Delegates to the 70th Constitutional Convention of the Metal Trades Department, AFL-CIO elected James Hart as President of the Department October 6, 2016. President Hart had been appointed by the executive council upon the retirement of former president Ron Ault in...read more
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Tonight's last presidential debate is set to focus on several topics of importance to working families. Here's what you need to know about the candidates on those issues in advance of the debate, so you can see how they stack up.
Make no mistake, a Donald Trump presidency would be a disaster for our country. So we thought it would be good to jog everyone's memories on just how bad Trump is on the economy. Here are 10 things you should remember (after the jump).
Tonight is the third and final presidential debate, and we hope that the nominees will finally discuss the issues facing older Americans: expanding Social Security, strengthening Medicare, protecting earned pension benefits and reining in the skyrocketing prices of prescription drugs.
Fifteen percent of the U.S. population is older than age 65. That number is expected to grow to 20%, or 1 in 5 people by 2030. Ensuring that all Americans have a secure and healthy retirement after a lifetime of work should be at the top of the next president’s agenda.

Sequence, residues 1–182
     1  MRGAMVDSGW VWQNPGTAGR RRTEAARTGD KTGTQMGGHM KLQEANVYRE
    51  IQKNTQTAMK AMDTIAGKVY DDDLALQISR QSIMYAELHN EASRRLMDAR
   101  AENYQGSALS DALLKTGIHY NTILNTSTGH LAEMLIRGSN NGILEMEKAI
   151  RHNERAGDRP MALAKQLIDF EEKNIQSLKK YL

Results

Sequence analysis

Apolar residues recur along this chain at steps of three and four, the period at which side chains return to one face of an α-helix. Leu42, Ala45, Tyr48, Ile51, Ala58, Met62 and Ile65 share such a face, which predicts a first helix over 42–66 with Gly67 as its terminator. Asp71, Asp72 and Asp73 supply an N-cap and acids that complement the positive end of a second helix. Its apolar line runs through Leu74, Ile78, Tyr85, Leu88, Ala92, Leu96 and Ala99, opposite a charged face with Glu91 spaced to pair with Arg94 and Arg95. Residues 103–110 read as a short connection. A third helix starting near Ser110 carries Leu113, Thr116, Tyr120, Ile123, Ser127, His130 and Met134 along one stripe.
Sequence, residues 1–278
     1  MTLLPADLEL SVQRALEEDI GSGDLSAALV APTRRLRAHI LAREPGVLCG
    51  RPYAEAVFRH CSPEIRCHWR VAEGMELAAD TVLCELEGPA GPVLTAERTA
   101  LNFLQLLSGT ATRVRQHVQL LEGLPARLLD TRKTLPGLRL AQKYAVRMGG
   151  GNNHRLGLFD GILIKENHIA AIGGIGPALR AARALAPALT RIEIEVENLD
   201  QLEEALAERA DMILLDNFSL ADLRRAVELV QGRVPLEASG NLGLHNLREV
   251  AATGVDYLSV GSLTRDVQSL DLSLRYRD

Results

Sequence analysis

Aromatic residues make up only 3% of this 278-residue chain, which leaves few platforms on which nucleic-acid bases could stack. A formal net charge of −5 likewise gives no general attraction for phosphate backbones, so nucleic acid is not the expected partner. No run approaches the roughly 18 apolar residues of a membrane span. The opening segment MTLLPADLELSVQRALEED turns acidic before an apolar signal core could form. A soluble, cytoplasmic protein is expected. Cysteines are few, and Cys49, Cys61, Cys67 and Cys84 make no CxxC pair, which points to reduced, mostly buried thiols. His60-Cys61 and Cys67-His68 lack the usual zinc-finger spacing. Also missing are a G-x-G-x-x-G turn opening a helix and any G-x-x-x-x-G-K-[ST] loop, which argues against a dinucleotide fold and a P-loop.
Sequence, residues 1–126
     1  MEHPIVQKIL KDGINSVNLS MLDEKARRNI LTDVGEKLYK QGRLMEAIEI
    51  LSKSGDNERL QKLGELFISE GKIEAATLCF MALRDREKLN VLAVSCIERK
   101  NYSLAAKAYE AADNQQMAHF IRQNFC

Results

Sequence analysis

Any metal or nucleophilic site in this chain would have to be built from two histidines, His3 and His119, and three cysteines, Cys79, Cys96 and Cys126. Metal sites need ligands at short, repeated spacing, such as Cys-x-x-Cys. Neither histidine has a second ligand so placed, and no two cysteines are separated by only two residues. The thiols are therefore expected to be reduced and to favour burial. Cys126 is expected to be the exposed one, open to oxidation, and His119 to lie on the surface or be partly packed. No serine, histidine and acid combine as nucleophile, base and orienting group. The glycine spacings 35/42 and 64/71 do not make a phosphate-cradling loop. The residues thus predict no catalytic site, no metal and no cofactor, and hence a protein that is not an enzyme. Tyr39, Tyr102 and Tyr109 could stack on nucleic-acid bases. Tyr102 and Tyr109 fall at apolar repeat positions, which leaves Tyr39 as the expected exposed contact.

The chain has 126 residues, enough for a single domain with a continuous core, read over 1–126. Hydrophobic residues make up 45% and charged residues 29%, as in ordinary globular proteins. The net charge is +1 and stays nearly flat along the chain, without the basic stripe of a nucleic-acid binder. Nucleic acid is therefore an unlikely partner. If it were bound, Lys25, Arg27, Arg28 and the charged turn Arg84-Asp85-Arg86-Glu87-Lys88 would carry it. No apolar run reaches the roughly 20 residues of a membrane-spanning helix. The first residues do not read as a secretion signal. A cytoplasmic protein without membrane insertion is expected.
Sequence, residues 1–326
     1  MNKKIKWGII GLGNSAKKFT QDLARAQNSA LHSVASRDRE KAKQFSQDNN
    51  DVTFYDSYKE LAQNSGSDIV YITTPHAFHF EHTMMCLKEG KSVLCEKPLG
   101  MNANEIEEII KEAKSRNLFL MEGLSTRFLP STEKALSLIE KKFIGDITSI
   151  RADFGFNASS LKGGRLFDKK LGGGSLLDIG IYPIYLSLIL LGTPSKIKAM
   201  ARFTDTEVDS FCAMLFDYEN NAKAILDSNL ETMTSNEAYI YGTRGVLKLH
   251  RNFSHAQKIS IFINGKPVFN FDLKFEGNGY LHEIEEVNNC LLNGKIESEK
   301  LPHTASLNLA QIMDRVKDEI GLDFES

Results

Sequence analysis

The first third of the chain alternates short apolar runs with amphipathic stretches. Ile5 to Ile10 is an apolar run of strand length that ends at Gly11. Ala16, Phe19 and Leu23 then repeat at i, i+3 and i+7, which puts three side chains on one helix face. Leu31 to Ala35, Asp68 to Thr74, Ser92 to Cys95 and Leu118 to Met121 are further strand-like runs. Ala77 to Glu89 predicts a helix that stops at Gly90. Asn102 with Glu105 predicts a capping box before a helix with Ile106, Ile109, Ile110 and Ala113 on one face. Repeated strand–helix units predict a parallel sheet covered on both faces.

The Union Advantage
Union members earn better wages and benefits than workers who aren’t union members. On average, union workers’ wages are 27 percent higher than their nonunion counterparts.
Unionized workers are 60 percent more likely to have employer-provided pensions.
More than 79 percent of union workers have jobs that provide health insurance benefits, but less than half of nonunion workers do. Unions help employers create a more stable, productive workforce—where workers have a say in improving their jobs.
Unions help bring workers out of poverty and into the middle class. In fact, in states where workers don’t have union rights, workers’ incomes are lower.
- Wages are 27% higher than non-union 27%
- Unionized workers are 60 percent more likely to have employer-provided pensions 60%
- More than 79 percent of union workers have jobs that provide health insurance benefits 79%